"We still believe that in the current industry environment several good
investment opportunities exist within our lodging universe. The industry
is maintaining ADR growth at levels well above inflation (5.0% for the
fourth-quarter versus an inflation rate of 2.2%), further emphasizing the
industry's potential for record profits once again in 1998," said Jason
N. Ader, a senior managing director and senior lodging industry analyst
with Bear, Stearns Co. Inc. "Likewise, we saw impressive fourth-quarter
results from several of the lodging companies. Host Marriott (Buy), Promus,
Extended Stay America, and Prime Hospitality (all rated Attractive), Marriott
International (Neutral), as well as Starwood Hotels Resorts reported significant improvements in operating margins in addition to solid year-over-year RevPAR growth. Although this quarter did not clearly indicate favorable supply and demand conditions in the upper end of the full-service sector, we believe that strong demand growth and modest supply growth in the deluxe, luxury, and upscale segments of the full-service sector - trends that we think should continue for at least the next 18-24 months - bode well for high-end full-service
lodging companies such as Host Marriott, Starwood, and Hilton Hotels. RevPARs - and, ultimately, profits - can be expected to increase as operators continue to exercise maximum pricing leverage. The rapid
growth in supply and continued strong absorption rates of new rooms also indicate a positive operating outlook for development-oriented extended-stay companies, especially those focused on midpriced properties in the lower-tier segment. Our picks - Sunburst Hospitality (Buy) and Extended Stay America - continue to rapidly develop new properties and experience quick absorption rates (with new properties generally reaching stabilization in less than one year). Occupancy rates remain high, and property-level margins continue to hit the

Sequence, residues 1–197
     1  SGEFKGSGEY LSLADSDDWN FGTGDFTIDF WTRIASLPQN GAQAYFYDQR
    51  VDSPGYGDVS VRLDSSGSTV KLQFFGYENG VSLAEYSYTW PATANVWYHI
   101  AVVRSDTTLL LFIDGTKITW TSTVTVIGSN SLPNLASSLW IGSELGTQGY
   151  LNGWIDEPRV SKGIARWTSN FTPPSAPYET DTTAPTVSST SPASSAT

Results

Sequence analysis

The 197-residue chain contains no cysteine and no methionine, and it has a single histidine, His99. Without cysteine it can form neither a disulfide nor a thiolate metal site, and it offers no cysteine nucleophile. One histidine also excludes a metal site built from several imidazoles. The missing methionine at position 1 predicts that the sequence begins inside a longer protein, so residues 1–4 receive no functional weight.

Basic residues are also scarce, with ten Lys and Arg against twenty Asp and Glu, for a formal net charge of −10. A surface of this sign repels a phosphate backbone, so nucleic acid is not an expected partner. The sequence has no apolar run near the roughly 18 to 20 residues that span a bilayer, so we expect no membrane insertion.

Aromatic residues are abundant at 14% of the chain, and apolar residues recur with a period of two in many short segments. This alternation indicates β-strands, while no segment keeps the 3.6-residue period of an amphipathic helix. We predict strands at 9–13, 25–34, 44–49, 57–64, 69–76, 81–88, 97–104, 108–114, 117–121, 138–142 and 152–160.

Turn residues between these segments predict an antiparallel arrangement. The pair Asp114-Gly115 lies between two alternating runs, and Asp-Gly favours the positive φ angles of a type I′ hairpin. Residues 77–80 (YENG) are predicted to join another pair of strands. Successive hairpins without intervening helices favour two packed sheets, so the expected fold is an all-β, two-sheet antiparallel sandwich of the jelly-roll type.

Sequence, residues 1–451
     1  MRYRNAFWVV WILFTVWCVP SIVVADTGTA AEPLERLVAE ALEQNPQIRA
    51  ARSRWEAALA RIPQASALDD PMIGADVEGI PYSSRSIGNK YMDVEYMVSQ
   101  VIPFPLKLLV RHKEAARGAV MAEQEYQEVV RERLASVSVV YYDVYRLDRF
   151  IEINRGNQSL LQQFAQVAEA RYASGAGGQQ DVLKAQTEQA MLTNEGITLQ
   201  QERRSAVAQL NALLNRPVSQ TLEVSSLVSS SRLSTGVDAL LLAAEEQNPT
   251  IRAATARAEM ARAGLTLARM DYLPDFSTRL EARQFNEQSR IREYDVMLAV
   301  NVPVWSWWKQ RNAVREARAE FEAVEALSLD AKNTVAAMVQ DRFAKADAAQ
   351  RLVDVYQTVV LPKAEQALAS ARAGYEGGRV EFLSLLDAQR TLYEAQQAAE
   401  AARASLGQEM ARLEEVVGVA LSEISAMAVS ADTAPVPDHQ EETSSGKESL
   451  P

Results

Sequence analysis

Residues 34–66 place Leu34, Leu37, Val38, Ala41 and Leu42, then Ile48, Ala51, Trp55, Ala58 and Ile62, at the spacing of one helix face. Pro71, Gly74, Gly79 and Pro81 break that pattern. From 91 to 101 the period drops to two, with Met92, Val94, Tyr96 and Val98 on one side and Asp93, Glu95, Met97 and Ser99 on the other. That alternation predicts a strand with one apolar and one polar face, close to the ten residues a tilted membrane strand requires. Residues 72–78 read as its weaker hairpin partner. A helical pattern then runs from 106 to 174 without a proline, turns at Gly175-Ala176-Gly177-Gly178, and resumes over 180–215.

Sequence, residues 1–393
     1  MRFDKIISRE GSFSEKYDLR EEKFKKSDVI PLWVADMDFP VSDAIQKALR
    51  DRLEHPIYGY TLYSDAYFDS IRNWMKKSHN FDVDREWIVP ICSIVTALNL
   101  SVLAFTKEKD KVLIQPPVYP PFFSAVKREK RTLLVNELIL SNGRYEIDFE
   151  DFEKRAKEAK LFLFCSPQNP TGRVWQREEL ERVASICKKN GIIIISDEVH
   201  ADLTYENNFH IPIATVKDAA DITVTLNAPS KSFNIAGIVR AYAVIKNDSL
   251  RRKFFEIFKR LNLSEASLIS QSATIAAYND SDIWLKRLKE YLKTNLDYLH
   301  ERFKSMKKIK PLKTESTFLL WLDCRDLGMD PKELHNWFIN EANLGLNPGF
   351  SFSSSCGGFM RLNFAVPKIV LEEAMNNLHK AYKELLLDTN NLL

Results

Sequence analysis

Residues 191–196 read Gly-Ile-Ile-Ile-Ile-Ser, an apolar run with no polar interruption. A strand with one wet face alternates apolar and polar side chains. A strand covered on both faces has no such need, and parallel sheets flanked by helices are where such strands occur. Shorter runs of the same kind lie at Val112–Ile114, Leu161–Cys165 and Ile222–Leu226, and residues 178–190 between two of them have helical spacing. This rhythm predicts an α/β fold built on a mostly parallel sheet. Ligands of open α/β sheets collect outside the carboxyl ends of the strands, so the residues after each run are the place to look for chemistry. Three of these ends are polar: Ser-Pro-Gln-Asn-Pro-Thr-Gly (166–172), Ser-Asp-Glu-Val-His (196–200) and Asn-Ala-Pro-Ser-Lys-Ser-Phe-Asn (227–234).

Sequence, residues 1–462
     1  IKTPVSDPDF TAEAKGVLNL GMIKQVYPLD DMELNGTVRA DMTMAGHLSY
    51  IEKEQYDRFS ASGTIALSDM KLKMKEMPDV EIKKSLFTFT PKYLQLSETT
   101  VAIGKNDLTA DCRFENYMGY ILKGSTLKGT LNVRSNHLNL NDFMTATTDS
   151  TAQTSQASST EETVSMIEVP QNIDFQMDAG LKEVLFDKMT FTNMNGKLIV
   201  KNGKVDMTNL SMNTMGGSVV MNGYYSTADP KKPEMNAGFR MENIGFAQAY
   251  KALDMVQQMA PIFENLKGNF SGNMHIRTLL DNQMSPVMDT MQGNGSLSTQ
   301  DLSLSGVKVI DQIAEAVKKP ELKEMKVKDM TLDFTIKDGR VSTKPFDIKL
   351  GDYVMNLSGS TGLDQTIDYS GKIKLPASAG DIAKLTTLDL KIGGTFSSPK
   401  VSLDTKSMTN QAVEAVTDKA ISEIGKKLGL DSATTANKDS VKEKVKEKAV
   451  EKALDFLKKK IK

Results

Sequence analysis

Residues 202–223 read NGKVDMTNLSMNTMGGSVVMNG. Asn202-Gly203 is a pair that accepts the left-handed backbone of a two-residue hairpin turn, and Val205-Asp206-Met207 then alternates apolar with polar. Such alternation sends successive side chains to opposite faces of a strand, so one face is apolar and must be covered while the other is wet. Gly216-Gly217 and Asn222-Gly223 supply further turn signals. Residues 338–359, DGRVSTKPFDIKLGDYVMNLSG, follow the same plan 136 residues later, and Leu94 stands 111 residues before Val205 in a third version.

Highlights from the report are outlined below.
Flip-flopping trends don't signal fundamental
change in macro environment
In a switch from previous quarters, supply growth exceeded demand growth in the full-service sector while nearly equaling it in the limited-service sector. In another first this quarter, demand growth outpaced supply growth in the lower-tier extended-stay segment. Despite overall demand growth surpassing supply growth by 80 basis points, RevPAR was up 4.2%, with full-service leading the way at 5.5%.
Full service overbuilding fears overblown.
Pipeline statistics should dispel the notion of full-service overbuilding. The number of projects in each full-service segment is still low relative to existing supply. Moreover, market-by-market analysis shows wide national dispersion of projects, with few markets having significant levels of multiple-project development. Heavy construction activity continues in the midscale without FB and lower-tier extended-stay segments.
Contstruction in Dallas, Atlanta, and Phoenix
heats up, while east and west coast simmer.
Dallas tops the construction markets with 8,134 rooms under construction, followed by Atlanta (7,435 rooms),
Phoenix (7,335 rooms), Orlando (6,824 rooms), and Chicago (5,059 rooms). Together, these five markets account for 19% of the total number of rooms under construction. By contrast, construction activity in eight major East and West Coast urban markets (Boston, New York, Philadelphia, Washington, Seattle, San Francisco, San Diego, and Los Angeles) totaled 16,987 rooms, or only 8% of all rooms under construction.
Six brands report double digit revpar growth
in fourth quarter.